Consider what it would mean for such a universalising approach to prevail. The business model of Uber would become that of law-flouting bosses generally. Reincorporate as a “platform”, intermediate customer requests and work demands with an app, and voila!, far fewer laws to comply with. Worse, this rebel attitude signals to the larger culture that laws and regulations are quaint and archaic, and therefore hindrances to progress. That could undermine faith in republican government itself.

In the 1950s and 60s, Southern governors thought they’d found a similar tactic to avoid the civil rights laws that they most despised. Though the strategy failed, the idea still animates reactionaries. Former Arkansas governor Mike Huckabee, now running for president, has even suggested that the US supreme court’s recent gay marriage decision should effectively be nullified by sovereign states.

Of course, a republic can’t run without authorities who follow the rule of law. Civil disobedience by citizens can be an important challenge to corrupt or immoral politicians, but when corporate leaders themselves start breaking the law in their own narrow interests, societal order breaks down. Polishing their left-libertarian veneer, the on-demand economy firms now flouting basic employment and anti-discrimination laws would like us to believe that they follow in the footsteps of Gandhi’s passive resistance, rather than segregationists’ massive resistance. But their wealthy, powerful, nearly-all-white-and-male cast of chief executives come far closer to embodying, rather than fighting, “the man”.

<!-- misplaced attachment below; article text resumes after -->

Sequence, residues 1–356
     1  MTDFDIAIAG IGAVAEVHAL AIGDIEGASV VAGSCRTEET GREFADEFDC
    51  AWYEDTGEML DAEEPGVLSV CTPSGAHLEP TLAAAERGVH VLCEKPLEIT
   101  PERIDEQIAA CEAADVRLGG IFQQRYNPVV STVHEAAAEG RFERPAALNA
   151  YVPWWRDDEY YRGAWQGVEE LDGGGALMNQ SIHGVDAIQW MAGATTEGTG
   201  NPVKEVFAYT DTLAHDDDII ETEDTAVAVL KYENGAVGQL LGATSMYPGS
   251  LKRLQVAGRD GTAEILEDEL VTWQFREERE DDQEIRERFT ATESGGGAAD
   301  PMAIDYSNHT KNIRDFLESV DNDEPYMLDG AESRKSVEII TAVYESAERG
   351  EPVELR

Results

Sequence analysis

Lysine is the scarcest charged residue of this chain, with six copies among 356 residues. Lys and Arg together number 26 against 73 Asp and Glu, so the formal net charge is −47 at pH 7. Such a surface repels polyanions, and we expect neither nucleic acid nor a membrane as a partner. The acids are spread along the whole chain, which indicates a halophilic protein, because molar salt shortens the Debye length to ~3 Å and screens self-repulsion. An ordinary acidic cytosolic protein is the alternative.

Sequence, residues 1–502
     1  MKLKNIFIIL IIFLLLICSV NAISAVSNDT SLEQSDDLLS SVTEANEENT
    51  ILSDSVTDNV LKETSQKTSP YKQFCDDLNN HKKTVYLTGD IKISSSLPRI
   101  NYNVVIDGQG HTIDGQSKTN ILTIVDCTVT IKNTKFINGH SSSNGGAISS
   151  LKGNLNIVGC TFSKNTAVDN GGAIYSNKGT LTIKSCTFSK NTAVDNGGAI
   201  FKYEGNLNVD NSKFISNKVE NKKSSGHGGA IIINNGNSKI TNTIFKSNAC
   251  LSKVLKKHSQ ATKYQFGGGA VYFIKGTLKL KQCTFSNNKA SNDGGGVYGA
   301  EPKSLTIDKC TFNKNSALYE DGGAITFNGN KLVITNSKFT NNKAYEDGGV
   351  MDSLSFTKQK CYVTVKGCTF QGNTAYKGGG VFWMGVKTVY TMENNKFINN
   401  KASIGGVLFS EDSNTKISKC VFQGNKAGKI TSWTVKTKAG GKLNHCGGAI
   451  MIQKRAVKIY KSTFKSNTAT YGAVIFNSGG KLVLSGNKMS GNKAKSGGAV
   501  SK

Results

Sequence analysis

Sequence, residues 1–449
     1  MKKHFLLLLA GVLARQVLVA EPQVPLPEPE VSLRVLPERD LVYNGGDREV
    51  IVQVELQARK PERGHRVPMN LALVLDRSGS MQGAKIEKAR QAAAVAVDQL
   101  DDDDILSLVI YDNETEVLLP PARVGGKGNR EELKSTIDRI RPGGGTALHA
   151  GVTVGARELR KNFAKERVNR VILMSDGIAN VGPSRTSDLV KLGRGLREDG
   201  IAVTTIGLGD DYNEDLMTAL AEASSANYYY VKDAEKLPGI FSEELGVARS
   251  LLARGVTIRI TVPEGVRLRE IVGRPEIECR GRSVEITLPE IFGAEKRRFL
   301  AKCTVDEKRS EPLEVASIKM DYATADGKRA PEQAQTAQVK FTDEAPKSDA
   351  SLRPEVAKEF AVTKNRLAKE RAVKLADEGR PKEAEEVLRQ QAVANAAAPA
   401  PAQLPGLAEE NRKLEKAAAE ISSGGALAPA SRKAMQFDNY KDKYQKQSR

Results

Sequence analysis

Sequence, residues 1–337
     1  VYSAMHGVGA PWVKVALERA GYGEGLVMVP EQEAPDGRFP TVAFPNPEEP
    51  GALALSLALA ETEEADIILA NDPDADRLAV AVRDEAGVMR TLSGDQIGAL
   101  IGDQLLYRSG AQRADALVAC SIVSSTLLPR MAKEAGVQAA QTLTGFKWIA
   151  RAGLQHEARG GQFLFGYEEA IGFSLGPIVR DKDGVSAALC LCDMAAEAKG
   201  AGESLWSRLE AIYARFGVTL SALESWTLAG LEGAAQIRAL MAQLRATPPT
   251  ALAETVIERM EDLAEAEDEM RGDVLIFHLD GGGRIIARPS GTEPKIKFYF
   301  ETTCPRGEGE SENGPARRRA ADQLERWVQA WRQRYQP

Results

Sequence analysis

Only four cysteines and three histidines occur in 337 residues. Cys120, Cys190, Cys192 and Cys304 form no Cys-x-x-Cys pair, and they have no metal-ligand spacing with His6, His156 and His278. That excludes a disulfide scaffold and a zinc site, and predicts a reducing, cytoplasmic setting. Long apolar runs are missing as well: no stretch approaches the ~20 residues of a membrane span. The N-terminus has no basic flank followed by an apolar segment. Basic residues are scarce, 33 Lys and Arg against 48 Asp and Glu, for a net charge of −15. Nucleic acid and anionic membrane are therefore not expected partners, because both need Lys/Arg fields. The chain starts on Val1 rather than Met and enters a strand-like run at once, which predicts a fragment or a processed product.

As Silicon Valley guru Peter Thiel has demonstrated, the goal of tech firms is not to compete – it is to so monopolise a sector that they basically become synonymous with it. Uber’s and Airbnb’s self-reinforcing conquests of markets attract more venture capital (VC) investment, which in turn enables more conquests, which in turn attracts more VC money. As that concentration of economic power continues apace, it’s more vital than ever to dispute Silicon Valley oligarchs’ self-aggrandising assertions that they follow in the footsteps of civil rights heroes.